updated 1/20/2007 10:57:25 AM ET 2007-01-20T15:57:25

President Bush will propose in his State of the Union address a tax break for people who buy their own health insurance and a limit on how much coverage individuals can receive tax free at work.

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The proposal to be announced Tuesday offers a tax deduction to people who purchase coverage and urges those with generous plans to either embrace cheaper insurance or pay taxes on part of it, according to a Bush administration official familiar with the proposals.

If passed by Congress, the plan would be the first time that workers could get a tax break for buying their own insurance. At the same time, it would be the first time that some employer-provided health care benefits could be taxed.

Bush also will announce steps next week to take some federal money now going to hospitals and institutions and give it to states for programs to reduce the number of uninsured people.

The cost of health care is growing more than two times faster than wages, making it harder for families to buy insurance and for employers to sponsor a health benefit for workers, Bush said Saturday in his weekly radio address.

"Our challenge is clear: We must address these rising costs, so that more Americans can afford basic health insurance," Bush said. "And we need to do it without creating a new federal entitlement program or raising taxes."

Further details of the two proposals were to be announced in the State of the Union address.

The official, who spoke on condition of anonymity so as not to pre-empt the president's speech, would not disclose the amount of the proposed deduction or the top amount of coverage from employer-sponsored plans that would remain free of income and payroll taxes.

"The tax code unfairly penalizes people who do not get health insurance through their job," Bush said. "It unwisely encourages workers to choose overly expensive, gold-plated plans. The result is that insurance premiums rise, and many Americans cannot afford the coverage they need."

He said health insurance needs to be treated more like home ownership.

"The current tax code encourages home ownership by allowing you to deduct the interest on your mortgage from your taxes," Bush said. "We can reform the tax code, so that it provides a similar incentive for you to buy health insurance."

There are an estimated 46 million to 48 million people in the United States who are uninsured at some point during the year.

‘Significant amount of new help’
"Most of the uninsured are people who are working and they've got a little bit too high of income to qualify for Medicaid or other government programs. If they buy health insurance they have to pay for it entirely out of their own pocket," Dr. Mark McClellan, former administrator for the Centers for Medicare and Medicaid Services and former commissioner of the Food and Drug Administration, said in a telephone interview. "This would be a significant amount of new help for them."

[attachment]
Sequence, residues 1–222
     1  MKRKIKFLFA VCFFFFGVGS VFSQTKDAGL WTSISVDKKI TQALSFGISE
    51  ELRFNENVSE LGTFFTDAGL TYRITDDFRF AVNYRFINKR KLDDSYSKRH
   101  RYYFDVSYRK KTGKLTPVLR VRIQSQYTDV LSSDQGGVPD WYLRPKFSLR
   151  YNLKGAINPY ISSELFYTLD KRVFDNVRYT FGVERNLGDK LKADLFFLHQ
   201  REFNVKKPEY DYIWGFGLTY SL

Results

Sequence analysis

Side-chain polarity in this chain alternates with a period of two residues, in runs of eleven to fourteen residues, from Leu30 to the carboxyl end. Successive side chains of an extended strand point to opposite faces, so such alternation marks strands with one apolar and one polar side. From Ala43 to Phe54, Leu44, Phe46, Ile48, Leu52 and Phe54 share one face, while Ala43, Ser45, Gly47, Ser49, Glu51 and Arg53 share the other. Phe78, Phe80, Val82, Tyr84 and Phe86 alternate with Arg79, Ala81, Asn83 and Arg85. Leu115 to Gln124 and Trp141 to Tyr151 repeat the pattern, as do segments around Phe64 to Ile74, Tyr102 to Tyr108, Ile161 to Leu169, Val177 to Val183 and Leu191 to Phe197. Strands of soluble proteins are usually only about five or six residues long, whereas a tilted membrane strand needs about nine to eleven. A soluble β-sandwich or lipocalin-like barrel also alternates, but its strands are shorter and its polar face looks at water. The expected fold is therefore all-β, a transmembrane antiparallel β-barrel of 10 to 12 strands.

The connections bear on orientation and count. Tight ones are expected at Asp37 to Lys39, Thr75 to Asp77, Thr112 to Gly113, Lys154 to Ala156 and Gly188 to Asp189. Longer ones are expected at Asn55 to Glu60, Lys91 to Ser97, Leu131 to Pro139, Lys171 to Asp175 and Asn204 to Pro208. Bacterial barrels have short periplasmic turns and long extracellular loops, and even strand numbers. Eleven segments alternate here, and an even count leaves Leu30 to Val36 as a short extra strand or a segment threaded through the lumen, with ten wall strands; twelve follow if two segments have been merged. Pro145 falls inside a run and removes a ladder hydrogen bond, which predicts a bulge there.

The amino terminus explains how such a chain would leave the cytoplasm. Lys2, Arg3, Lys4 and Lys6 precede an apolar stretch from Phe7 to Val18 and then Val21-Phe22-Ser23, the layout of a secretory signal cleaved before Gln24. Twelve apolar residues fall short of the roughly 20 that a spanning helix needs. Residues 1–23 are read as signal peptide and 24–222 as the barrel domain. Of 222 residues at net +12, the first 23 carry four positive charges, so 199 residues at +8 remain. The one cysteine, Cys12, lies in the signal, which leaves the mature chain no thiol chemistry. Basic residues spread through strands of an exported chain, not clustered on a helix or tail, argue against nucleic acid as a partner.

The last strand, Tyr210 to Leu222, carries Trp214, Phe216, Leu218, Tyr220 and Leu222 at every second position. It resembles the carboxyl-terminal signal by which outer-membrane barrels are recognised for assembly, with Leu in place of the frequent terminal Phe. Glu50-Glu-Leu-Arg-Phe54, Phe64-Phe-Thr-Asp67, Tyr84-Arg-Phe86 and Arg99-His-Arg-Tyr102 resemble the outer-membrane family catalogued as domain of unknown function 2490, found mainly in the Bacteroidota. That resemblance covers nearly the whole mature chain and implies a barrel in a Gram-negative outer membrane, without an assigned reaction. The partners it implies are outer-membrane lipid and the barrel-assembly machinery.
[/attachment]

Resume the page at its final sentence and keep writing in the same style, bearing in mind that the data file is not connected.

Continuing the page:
William Galston, a domestic policy adviser to President Clinton and a fellow at the Brookings Institution, said making health insurance more affordable for people on the individual market is a good idea. But he said he is worried that the proposal, taken by itself, could make it harder to argue for a more comprehensive measure for widening health care insurance to cover many more people.

"If it goes through as is, it's going to make the task of bargaining for a broader bill more difficult," Galston said, although he said he had not yet seen details of the proposals.

Under a second proposal, the president is proposing to redirect federal dollars that hospitals and other institutions get to help cover costs for caring for the uninsured. With this money, states would set up programs to assist people in getting health coverage and help people with high-cost health conditions.

Several states are working to reduce the number of people living without health insurance.

California Gov. Arnold Schwarzenegger, for instance, has announced a plan that would cost $12 billion a year to extend health care coverage to most of the state's 6.5 million uninsured. That would make it the second state, after Massachusetts, to require everyone to carry insurance.

‘Redirect that money’
"When somebody is uninsured and they come into the emergency room there are federal programs that provide some help with covering those costs," McClellan said.

"The idea would be to redirect that money to provide better subsidies and assistance for people to get affordable health insurance. If you've got more people with insurance, you don't need to have as much in the way of payments to the institutions," he said.

Hospital administrators are worried about what the president's plan will mean for their facilities. They fear they will be getting less money when they treat Medicare patients. They say the federal reimbursements already do not cover costs and that the president's plan will remove tens of millions of dollars for them.

Copyright 2007 The Associated Press. All rights reserved. This material may not be published, broadcast, rewritten or redistributed.


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